Play is such a powerful tool to help develop a variety of skills, which is why many professionals recommend parents play with their children. It can be overwhelming. In a previous post, I shared five tips to use when playing to help develop language through play (go here.) In this post, I’m sharing another five tips.
Remember that children have short attention spans.
Children with language delays can have even shorter attention spans. Don’t expect children to play with a single toy for longer than half an hour. Some can, but many can’t. If your child is flitting from toy to toy, look at your toy choices. Are these toys a good fit? Are there too many toys out? Too many toys can overwhelm kids. Keep toy choices to a minimum when you are playing.
Give your child time to understand what you are saying and then give a response. It feels very awkward and is hard to do. I still find it challenging, and I have to remind myself to wait. To help encourage your child to respond, lean forward and look expectantly to help cue your child that you are waiting for a response.
Change up the types of words you use.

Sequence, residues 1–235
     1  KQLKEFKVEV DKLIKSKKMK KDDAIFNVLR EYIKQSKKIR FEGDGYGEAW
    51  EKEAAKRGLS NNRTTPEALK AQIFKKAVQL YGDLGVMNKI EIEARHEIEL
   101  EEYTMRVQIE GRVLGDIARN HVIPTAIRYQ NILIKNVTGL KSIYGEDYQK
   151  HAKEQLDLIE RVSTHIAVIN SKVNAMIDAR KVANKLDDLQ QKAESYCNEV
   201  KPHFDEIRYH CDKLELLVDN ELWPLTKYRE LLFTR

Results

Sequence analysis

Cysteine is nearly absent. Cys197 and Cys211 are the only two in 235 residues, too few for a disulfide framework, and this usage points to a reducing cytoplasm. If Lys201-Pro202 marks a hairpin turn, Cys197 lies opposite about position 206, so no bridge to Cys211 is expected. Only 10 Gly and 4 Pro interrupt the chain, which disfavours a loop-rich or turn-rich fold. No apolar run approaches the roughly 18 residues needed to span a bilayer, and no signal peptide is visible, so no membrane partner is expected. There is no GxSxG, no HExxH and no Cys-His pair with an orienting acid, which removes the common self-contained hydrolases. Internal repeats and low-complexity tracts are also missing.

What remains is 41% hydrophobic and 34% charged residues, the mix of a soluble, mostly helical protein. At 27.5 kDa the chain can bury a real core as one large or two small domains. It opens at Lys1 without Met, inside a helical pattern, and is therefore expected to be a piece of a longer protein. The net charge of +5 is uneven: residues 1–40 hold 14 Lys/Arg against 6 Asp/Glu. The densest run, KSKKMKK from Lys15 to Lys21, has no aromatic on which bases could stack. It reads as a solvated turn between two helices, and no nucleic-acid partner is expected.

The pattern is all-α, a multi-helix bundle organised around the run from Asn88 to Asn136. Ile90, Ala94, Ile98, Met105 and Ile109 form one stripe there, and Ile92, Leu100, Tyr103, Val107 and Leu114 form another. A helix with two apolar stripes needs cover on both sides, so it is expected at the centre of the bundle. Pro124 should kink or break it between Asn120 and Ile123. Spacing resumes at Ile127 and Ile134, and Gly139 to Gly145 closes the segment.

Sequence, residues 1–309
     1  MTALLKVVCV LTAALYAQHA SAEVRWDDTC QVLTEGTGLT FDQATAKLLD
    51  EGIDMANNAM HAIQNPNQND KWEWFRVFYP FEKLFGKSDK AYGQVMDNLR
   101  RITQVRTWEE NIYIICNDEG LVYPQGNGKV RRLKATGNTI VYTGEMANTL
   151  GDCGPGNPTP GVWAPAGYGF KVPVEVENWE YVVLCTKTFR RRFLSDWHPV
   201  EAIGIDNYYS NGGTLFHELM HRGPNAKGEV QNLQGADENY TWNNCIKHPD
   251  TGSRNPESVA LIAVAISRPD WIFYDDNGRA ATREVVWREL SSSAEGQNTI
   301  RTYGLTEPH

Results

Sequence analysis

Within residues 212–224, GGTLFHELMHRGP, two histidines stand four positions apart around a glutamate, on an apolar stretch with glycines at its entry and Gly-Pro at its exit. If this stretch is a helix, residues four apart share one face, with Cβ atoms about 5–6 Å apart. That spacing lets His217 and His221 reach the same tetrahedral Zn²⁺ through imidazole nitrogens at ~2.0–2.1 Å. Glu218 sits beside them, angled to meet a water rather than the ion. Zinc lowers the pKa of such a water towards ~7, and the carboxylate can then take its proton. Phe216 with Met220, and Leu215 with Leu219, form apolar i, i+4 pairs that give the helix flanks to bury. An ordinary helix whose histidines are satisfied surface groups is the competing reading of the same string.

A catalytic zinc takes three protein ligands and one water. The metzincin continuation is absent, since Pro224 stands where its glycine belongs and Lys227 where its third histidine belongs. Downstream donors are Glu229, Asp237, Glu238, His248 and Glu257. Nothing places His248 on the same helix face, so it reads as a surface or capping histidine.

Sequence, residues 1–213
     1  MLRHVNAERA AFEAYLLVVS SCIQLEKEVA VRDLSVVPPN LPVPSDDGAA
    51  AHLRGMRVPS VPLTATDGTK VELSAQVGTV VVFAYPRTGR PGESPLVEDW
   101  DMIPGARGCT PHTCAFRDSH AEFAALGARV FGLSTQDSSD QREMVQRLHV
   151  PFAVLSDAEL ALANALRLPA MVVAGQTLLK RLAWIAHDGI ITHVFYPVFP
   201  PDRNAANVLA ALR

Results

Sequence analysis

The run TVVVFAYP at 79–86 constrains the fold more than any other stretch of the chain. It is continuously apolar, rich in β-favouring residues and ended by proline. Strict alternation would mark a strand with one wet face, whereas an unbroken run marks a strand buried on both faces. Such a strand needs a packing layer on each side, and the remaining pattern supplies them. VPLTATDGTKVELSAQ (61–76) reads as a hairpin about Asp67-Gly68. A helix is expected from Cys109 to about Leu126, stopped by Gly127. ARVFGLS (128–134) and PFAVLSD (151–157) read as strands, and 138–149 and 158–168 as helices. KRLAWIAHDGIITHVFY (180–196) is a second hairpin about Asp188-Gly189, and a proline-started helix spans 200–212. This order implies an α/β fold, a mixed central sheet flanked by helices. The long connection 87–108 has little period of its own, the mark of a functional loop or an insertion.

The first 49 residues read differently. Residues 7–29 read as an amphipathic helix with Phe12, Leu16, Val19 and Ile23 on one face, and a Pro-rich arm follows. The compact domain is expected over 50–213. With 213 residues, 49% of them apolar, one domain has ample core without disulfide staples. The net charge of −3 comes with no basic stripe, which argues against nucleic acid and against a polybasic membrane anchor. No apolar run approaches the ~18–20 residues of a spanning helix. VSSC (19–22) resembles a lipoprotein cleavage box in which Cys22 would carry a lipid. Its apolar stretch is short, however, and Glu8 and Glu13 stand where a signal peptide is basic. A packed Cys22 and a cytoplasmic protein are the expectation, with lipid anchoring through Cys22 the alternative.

It’s hard to make a sentence when you only know the names of things. Children with language delays tend to have less action words, describing words, and location words. SLPs tend to work on a child’s understanding and use of verbs, a lot. The same with location and describing words. Use a variety of action, location, describing words when talking.
Sabotage can create a compelling reason to communicate.
Use clear containers that your child has difficulty opening. Put favourite toys out of reach but still insight. This will allow them to ask for help. WARNING! While this is a great tool, using it too often will frustrate children and make it so that they don’t want to play with you. In this case, less is more.
Make it fun for you. The more you are having fun, the more your child will have fun, and the more effective your play session will be. Be silly. Don’t worry, your child is not judging you. If you are playing trains for the thousandth time, this can be challenging. Try mixing up how you are playing trains. For example, don’t use tracks but have the trains run through paint and paint tracks on a large piece of paper. Another suggestion would be to try and mix up playing with trains with playing with other toys or doing different games.
Playing is a powerful tool to help develop so many skills in your child. Click here for a handout of these top ten tips. If you would like more ideas on how to work on specific goals through play, check out Come Play! which has over 150 play ideas to help develop language.
What are your favourite ways to encourage play with children?